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Global Freshwater Availability Below Normal Conditions and Population Impact Under 1.5 and 2 degrees C Stabilization Scenarios

Journal article
Authors W. B. Liu
W. H. Lim
F. B. Sun
D. Mitchell
H. Wang
Deliang Chen
I. Bethke
H. Shiogama
E. Fischer
Published in Geophysical Research Letters
Volume 45
Issue 18
Pages 9803-9813
ISSN 0094-8276
Publication year 2018
Published at Department of Earth Sciences
Pages 9803-9813
Language en
Links dx.doi.org/10.1029/2018gl078789
Keywords 1.5 degrees C warming, water availability, global scale, shortage, population, climate-change impact, model simulations, degrees-c, drought, scarcity, resources, runoff, 1.5-degrees-c, streamflow, hydrology
Subject categories Oceanography, Hydrology, Water Resources, Climate Research

Abstract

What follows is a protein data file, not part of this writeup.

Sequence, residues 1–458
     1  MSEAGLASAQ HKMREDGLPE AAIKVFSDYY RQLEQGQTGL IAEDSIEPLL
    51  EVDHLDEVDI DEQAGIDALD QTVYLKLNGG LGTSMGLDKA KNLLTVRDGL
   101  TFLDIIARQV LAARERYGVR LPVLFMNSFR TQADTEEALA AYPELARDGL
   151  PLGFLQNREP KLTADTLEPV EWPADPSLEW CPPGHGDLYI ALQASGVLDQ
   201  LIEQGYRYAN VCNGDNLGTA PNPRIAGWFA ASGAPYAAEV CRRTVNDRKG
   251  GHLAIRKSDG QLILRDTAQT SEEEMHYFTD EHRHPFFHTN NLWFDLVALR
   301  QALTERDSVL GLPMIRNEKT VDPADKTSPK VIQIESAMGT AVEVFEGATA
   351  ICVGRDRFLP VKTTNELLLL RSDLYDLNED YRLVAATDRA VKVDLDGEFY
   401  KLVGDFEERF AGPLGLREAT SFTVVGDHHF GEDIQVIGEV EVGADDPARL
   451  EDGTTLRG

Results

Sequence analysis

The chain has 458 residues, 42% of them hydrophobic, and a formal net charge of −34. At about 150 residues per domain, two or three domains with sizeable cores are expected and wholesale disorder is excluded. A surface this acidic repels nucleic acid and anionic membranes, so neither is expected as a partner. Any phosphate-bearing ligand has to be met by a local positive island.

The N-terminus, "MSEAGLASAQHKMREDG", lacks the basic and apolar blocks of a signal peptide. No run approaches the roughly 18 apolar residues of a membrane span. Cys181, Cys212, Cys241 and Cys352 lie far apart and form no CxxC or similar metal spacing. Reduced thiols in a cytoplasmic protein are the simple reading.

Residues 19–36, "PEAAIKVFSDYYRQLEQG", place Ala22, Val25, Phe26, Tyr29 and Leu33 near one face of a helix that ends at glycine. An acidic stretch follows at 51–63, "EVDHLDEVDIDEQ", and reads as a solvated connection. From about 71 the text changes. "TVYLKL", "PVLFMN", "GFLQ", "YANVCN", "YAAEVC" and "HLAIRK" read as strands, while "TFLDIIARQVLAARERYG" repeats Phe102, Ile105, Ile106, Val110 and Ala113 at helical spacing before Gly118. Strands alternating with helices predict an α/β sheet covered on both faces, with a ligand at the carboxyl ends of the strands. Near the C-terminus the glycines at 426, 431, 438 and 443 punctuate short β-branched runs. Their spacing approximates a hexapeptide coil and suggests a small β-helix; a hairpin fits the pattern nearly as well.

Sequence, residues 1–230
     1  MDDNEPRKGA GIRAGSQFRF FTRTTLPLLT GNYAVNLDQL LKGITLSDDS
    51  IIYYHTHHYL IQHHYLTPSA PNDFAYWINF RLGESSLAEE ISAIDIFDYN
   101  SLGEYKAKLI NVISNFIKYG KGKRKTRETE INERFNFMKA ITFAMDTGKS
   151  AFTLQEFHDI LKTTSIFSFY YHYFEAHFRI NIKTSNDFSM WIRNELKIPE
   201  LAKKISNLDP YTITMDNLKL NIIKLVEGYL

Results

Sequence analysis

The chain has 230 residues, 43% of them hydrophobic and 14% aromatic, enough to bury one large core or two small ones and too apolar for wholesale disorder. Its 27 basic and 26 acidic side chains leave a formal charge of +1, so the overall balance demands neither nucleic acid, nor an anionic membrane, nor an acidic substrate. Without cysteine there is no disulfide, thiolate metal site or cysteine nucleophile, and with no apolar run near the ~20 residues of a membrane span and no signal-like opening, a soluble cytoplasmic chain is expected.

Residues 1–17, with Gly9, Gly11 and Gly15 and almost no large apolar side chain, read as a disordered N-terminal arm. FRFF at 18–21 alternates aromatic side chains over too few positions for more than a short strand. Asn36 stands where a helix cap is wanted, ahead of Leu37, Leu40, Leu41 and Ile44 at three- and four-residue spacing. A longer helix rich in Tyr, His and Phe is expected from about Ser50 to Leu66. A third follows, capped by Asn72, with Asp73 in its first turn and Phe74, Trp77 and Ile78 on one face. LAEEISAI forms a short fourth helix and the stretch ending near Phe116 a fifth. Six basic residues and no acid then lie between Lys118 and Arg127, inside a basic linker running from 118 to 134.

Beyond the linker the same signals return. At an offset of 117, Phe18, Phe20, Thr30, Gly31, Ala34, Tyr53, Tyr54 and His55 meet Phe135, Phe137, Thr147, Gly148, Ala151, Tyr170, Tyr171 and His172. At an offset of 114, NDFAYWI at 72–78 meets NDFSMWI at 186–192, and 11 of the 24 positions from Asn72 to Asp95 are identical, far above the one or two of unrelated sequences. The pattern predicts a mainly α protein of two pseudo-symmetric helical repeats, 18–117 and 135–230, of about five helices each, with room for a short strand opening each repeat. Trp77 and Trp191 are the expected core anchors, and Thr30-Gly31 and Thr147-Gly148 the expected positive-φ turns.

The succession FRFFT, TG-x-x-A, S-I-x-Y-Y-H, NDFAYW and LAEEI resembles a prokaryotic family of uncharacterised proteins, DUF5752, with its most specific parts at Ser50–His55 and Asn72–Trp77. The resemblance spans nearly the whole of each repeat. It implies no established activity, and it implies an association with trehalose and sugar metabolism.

Based on the large ensembles of the half a degree additional warming, prognosis, and projected impacts historical, +1.5 and +2 degrees C experiments, we quantify changes in the magnitude of water availability (i.e., precipitation minus actual evapotranspiration; a function of monthly precipitation flux, latent heat flux, and surface air temperature) below normal conditions (less than median, e.g., 20th percentile water availability). We found that, relative to the historical experiment, water availability below normal conditions of the +1.5 and +2 degrees C experiments would decrease in the midlatitudes and the tropics, indicating that hydrological drought is likely to increase in warmer worlds. These cause more (less) people in East Asia, Central Europe, South Asia, and Southeast Asia (West Africa and Alaska/Northwest Canada) to be exposed to water shortage. Stabilizing warming at 1.5 degrees C instead of 2 degrees C would limit population impact in most of the regions, less effective in Alaska/Northwest Canada, Southeast Asia, and Amazon. Globally, this reduced population impact is similar to 117 million people. Plain Language Summary This study emerges from the lack of scientific investigations to inform climate policy about differences between two global warming targets (i.e., 1.5 and 2 degrees C) for the "Intergovernmental Panel on Climate Change Special Report on Global Warming of 1.5 degrees C." We seek to understand the following: How would water availability below normal conditions (the drier end of hydrological extremes) change at these targets? How would they affect the water shortage of human society? Could we limit the impact by stabilizing the global warming at 1.5 degrees C instead of 2 degrees C? To address these questions, we employ the HAPPI (half a degree additional warming, prognosis, and projected impacts) experiments, explicitly designed to differentiate impacts between these targets. Relative to the historical period, future water availability below normal conditions (less than median, e.g., 20th percentile or lower) would decrease in the midlatitudes and the tropics; the globe and most of the regions would endure water shortages. Relative to the 2 degrees C warming target, stabilizing temperature increase at 1.5 degrees C would constrain adverse impact on people suffering water shortages in most of the regions (particularly Central Europe, East Africa, East Asia, South Asia, and West Africa) but ineffective in Alaska/Northwest Canada, Southeast Asia, and Amazon. A global sum of this reduced risk is similar to 117 million people.

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